US air force involved in Pakistan drone attacks: report
WASHINGTON: A regular US air force unit based in the Nevada desert is responsible for flying the CIA's drone strike programme in Pakistan, citing a documentary ARY News reported.
The new documentary to be released on Tuesday identifies the unit conducting CIA strikes in Pakistan's tribal areas as the 17th Reconnaissance Squadron, which operates from a secure compound in a corner of Creech air force base, 45 miles from Las Vegas in the Mojave desert.
Several former drone operators have claimed that the unit's conventional air force personnel – rather than civilian contractors – have been flying the CIA's heavily armed Predator missions in Pakistan, a 10-year campaign which according to some estimates has killed more than 2,400 people.
The role of the squadron, and the use of its regular air force personnel in the CIA's targeted killing programme, first emerged during interviews with two former special forces drone operators for a new documentary film, Drone.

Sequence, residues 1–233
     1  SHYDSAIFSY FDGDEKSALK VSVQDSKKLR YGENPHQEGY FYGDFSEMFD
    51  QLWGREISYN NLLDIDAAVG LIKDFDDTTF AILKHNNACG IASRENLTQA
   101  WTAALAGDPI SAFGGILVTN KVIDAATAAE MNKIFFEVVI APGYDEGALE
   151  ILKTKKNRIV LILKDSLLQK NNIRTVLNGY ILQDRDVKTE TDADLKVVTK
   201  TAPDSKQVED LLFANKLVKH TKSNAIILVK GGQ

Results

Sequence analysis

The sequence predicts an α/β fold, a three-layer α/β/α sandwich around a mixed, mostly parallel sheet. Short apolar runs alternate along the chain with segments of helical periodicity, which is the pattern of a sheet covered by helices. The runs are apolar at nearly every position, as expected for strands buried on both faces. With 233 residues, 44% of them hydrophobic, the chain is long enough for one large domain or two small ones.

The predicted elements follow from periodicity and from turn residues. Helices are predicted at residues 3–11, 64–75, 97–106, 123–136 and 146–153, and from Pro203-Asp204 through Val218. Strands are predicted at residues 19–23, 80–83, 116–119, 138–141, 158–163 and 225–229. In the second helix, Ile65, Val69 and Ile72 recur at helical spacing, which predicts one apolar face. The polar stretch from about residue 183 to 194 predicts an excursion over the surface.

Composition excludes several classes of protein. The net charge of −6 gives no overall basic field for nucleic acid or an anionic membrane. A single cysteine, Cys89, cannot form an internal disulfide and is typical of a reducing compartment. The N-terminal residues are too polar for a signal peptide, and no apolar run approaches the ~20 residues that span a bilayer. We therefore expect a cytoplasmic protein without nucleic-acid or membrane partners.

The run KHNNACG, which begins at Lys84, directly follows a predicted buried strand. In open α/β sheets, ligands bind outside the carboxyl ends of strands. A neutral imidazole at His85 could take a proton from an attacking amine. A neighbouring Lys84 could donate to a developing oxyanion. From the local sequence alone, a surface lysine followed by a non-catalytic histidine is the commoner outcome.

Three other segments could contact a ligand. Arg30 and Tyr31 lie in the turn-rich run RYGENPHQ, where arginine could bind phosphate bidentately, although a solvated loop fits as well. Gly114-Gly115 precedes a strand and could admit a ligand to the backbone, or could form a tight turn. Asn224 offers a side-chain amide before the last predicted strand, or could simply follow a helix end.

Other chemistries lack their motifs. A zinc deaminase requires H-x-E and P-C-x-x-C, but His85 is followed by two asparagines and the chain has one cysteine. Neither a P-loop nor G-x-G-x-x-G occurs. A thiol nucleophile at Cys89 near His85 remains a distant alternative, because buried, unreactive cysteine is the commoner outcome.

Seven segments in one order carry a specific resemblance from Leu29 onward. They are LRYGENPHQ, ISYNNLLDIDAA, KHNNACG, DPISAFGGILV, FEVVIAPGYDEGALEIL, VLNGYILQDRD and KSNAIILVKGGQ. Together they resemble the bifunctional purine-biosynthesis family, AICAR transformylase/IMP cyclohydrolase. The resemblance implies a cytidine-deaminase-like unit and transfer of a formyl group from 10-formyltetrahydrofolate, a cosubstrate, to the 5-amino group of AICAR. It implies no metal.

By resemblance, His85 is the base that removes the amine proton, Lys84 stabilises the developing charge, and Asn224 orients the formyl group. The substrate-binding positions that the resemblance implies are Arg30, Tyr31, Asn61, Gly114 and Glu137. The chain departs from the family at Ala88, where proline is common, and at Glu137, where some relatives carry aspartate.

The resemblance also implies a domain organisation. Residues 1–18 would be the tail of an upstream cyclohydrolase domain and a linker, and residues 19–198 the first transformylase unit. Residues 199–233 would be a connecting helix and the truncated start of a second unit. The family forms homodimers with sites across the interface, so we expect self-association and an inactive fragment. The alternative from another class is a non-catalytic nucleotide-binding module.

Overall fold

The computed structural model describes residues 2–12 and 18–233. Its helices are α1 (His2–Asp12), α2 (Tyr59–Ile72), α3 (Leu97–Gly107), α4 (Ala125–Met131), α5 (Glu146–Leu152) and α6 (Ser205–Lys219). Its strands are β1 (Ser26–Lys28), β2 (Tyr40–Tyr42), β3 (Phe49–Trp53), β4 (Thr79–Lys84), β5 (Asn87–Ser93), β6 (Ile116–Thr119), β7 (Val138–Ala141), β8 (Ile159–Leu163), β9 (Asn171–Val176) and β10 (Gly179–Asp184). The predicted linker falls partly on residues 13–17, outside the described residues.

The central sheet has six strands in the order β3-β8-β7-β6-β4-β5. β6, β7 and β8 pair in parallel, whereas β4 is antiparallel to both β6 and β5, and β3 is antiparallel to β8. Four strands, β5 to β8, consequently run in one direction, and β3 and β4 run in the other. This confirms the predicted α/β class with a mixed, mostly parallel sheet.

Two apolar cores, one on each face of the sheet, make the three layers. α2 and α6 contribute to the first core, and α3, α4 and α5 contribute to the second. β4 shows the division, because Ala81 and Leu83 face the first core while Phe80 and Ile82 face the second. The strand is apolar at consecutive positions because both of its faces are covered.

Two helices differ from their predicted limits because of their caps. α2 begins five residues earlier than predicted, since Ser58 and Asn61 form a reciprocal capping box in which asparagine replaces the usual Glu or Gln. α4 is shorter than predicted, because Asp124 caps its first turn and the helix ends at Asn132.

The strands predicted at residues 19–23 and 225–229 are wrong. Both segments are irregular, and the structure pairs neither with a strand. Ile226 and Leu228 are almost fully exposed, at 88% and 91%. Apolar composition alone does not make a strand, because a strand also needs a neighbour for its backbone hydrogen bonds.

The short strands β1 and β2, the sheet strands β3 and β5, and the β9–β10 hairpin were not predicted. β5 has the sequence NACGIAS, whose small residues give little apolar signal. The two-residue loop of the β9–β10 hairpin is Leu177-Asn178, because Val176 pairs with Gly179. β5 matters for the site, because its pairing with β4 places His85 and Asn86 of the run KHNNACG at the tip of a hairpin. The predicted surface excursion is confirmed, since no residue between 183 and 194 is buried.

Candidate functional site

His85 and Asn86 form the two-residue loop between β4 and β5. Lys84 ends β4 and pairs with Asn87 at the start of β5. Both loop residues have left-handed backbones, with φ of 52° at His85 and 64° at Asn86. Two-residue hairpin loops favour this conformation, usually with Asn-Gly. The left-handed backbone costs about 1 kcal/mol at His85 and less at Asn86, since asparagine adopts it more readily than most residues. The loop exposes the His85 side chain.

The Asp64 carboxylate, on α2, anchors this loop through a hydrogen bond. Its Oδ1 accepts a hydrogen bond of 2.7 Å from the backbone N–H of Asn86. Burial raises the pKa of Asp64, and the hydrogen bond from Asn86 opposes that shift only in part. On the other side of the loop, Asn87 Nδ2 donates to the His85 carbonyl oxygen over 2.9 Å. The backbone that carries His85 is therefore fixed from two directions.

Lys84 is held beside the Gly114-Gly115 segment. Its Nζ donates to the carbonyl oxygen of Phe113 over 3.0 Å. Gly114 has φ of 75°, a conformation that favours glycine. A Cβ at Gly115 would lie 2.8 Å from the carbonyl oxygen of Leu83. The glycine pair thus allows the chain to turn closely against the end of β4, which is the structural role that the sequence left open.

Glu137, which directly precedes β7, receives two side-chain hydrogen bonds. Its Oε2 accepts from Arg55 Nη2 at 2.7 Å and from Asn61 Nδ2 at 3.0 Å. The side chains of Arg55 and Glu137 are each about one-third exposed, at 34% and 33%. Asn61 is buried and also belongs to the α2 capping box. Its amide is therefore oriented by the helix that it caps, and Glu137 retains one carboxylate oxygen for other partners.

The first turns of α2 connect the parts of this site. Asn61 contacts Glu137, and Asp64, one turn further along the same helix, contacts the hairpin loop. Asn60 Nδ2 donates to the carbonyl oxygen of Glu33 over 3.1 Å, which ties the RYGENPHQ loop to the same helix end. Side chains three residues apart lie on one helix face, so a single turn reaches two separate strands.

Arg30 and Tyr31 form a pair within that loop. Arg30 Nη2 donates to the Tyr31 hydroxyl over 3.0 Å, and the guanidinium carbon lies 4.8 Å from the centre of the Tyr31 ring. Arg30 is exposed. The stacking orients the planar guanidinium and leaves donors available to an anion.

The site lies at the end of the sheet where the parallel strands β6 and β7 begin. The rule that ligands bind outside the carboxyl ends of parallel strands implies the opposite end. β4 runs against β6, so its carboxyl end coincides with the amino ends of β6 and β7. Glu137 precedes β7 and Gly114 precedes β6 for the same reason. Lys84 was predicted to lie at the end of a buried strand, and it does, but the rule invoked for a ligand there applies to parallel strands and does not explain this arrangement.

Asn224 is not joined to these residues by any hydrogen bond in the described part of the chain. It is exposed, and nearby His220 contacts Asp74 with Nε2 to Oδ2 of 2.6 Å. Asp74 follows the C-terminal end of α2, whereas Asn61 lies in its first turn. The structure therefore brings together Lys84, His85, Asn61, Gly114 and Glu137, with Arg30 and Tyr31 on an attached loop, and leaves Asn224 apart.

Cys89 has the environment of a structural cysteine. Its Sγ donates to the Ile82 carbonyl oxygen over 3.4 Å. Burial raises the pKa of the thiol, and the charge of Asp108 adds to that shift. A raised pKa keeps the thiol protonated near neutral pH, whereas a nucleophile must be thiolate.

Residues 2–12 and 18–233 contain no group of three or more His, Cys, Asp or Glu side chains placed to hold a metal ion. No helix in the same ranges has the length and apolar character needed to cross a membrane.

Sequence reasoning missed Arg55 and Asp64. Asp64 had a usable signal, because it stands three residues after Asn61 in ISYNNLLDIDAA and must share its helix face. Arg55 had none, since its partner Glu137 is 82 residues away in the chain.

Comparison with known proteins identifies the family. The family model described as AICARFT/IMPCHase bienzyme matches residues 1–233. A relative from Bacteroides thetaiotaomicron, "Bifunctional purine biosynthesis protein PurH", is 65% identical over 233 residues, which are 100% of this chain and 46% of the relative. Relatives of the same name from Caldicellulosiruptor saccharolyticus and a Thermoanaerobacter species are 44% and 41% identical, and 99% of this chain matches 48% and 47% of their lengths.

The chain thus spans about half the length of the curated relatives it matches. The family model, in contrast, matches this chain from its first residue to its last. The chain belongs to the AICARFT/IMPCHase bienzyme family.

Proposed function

Brandon Bryant, a former US Predator operator, told the film he decided to speak out after senior officials in the Obama administration gave a briefing last year in which they said they wanted to "transfer" control of the CIA's secret drones programme to the military.
Bryant said this was disingenuous because it was widely known in military circles that the US air force was already involved.
"The CIA might be the customer but the air force has always flown it. A CIA label is just an excuse to not have to give up any information. That is all it has ever been."